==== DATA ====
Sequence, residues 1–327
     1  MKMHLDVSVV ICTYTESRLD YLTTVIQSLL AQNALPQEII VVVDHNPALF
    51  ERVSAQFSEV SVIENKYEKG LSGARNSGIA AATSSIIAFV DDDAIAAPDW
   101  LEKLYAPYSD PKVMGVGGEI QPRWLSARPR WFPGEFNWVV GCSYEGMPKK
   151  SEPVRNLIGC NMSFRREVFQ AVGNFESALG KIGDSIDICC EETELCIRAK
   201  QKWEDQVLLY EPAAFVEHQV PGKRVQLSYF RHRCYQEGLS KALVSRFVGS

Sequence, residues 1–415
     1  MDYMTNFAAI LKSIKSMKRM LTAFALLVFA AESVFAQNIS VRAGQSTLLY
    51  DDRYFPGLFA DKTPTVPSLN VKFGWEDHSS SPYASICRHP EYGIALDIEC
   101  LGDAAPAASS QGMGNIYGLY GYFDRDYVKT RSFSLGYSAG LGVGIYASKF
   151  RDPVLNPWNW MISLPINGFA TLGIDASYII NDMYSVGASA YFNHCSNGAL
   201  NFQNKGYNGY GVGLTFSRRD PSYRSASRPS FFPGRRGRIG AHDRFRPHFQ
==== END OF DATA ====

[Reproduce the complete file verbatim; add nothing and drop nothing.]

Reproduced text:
Sequence, residues 1–327
     1  MKMHLDVSVV ICTYTESRLD YLTTVIQSLL AQNALPQEII VVVDHNPALF
    51  ERVSAQFSEV SVIENKYEKG LSGARNSGIA AATSSIIAFV DDDAIAAPDW
   101  LEKLYAPYSD PKVMGVGGEI QPRWLSARPR WFPGEFNWVV GCSYEGMPKK
   151  SEPVRNLIGC NMSFRREVFQ AVGNFESALG KIGDSIDICC EETELCIRAK
   201  QKWEDQVLLY EPAAFVEHQV PGKRVQLSYF RHRCYQEGLS KALVSRFVGS

Sequence, residues 1–415
     1  MDYMTNFAAI LKSIKSMKRM LTAFALLVFA AESVFAQNIS VRAGQSTLLY
    51  DDRYFPGLFA DKTPTVPSLN VKFGWEDHSS SPYASICRHP EYGIALDIEC
   101  LGDAAPAASS QGMGNIYGLY GYFDRDYVKT RSFSLGYSAG LGVGIYASKF
   151  RDPVLNPWNW MISLPINGFA TLGIDASYII NDMYSVGASA YFNHCSNGAL
   201  NFQNKGYNGY GVGLTFSRRD PSYRSASRPS FFPGRRGRIG AHDRFRPHFQ